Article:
Singapore Revisited Log 5.2: No Outside Food Allowed

Culture comes from the word cult. When specific practices and beliefs propagates by recognition and acceptance from a micro community level to wider society, a unique culture is developed. Bearing that in mind, the idea of building a culture is rarely fruitful unless a great deal of time and resources are put into it. Take for example, the Singapore courtesy campaigns that had been going on since I knew how to spell the word 'futile' until even courtesy bear Singa decided to fuck it and retire, the courtesy culture in Singapore remains weak.

Meanwhile other cultures have been popping up like mushrooms as if Mother Nature intended them. When Tucky and I was greeted with interesting artifacts on tables in Tanjong Pagar hawker centre, I was told by the wise Tucky not to send them to the floor with quick flick of my hand. After all Tucky was a friend of 20 over years and often knew what was going on in the mind by looking at my devious expressions. As opposed to me, Tucky had been a city worker since he started his career and were wise to the Ways of the World in the city, such as shortcuts to get around quickly by foot or car and of course, the culture of reserving a dining table by marking a table of choice with a personal artifact such as a packet of tissue paper straight out of a pocket full of bodily aroma, a staff pass with a grinning photograph of the owner or a water bottle, sometimes with a lipstick mark near the neck. That completes the marking process, just like how my dog used to mark his trees and lamp posts by lifting his hind leg and injecting his DNA around. Unfortunately, unlike the dog marking process, the human way doesn't allow overwriting. Only the owner is allowed to remove his mark when he is done with his deeds. That was why I was warned against the fun act of flicking artifacts off the altars, to avoid dealing with vengeful wraiths that will be summoned to punish atrocious men who dare to walk into the shadows.

Elsewhere I spied upon a group of ladies who brought along their fancy drinks only to be warned by the gate keeper with a stern, "No outside drinks allowed," warning. The keeper was needlessly rude, telling off group loud enough for surrounding patrons to hear. "The sign over there written big big you never read!" She justified her hard stance by highlighting ignorance was not an excuse. Thou who fail to comply shall be treated like children. I couldn't but wonder the effectiveness of tactless approach. The ladies ended up hiding their drinks out of sight and took sneaky sips whenever they thought no one was looking. The shop still received no revenue for cutting out illegal beverage sources. What they achieved at most was reminding patrons to hide their drinks right from the start the next time, to avoid the humiliation of being singled out. If the keepers were to "give face" and tell their customers how they also can provide those drinks with a competitive price and free ice with a little bit of humor, there might still be a chance that the patrons would return the "face" by being paying customers in the future.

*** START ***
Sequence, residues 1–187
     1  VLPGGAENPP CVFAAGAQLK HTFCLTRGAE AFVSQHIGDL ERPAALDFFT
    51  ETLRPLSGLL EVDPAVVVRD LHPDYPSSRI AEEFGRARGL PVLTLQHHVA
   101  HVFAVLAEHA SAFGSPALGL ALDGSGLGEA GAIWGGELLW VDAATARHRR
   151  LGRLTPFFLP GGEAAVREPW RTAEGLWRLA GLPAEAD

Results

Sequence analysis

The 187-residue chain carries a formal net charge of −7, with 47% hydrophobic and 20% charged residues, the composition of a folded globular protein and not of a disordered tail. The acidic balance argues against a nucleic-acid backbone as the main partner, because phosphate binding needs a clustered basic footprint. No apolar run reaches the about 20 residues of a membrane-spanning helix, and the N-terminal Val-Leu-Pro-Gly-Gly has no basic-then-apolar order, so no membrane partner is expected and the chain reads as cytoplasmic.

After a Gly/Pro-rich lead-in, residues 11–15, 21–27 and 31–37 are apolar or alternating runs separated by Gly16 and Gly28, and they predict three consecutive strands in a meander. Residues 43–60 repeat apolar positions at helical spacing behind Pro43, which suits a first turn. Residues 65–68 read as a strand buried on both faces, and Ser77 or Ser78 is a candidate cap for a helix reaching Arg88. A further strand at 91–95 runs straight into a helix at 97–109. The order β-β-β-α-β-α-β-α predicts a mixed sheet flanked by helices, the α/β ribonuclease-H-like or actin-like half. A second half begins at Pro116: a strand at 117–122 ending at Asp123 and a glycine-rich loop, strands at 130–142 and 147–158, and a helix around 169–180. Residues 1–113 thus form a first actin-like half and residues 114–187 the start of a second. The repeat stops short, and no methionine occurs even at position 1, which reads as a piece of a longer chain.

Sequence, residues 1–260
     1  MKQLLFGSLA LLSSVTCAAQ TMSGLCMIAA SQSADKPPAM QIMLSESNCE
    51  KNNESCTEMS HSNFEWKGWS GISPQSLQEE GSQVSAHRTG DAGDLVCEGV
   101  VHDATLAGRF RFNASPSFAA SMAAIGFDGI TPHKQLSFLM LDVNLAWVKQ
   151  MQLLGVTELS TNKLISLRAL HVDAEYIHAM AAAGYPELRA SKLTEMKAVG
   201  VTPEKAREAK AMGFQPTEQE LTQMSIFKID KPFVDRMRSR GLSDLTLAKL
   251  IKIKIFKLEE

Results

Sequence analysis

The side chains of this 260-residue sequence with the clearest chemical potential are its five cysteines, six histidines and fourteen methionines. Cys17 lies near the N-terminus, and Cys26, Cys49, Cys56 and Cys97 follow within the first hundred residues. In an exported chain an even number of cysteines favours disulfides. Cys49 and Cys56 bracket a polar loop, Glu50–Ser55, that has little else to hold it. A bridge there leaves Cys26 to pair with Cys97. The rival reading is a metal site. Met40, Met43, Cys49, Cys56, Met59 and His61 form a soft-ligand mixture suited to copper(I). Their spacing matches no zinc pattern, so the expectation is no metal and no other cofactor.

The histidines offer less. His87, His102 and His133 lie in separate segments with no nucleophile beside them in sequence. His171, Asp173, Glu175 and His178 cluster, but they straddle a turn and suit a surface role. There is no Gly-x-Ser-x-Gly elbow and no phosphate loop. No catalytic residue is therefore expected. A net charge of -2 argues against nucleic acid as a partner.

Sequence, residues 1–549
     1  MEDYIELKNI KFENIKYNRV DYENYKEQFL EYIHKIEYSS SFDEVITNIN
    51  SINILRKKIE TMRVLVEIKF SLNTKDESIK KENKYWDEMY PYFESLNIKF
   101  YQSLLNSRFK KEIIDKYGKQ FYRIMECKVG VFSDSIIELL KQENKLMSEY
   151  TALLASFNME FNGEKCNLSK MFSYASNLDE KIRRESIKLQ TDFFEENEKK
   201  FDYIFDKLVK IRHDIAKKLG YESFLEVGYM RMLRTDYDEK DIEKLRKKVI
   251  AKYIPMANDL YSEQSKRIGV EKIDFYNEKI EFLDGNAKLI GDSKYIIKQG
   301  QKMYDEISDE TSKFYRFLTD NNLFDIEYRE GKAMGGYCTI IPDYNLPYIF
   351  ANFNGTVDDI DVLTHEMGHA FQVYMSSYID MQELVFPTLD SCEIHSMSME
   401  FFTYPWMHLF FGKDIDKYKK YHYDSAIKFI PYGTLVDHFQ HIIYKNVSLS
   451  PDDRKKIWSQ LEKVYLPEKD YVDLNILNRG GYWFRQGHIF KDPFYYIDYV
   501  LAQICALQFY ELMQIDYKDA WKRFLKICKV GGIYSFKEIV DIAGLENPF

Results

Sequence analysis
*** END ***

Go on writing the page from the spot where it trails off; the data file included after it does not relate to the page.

If so, that made me wonder could there be a better approach than to tell Singaporeans straight in the face that they commit more crimes or that they are bigots without taking time to figure out the reasons behind-the-scenes like the way the keepers simply couldn't see their products were just too shitty and overpriced that getting substitutes elsewhere was simply a rational reaction and that putting up signs was simply a case of barking up the wrong tree. The endless propaganda to convince Singaporeans they are the problem seems to be a lazy attempt to solve a knotty issue without understanding why Singaporeans are the way they are and who and what made them that way. 

Only time can tell if force feeding the Singapore society with cheap labour that seems to be rejected by system so far, will bring forth happy or tragic endings. That will depend on whether the system makes the people or the people makes the system in Singapore. Singapore as we know it today will be probably the first country to attempt to continue to grow by devaluing a certain set of skills so that a competitive edge can be created by offering cheap labour. So far this approach appears sustainable only by expanding the range of skills to be devalued. It will be interesting to see how this will turn out. We are going through a intriguing period of our history.

1 comment:

  1. sorry to bust your chops, but culture and cult are not related.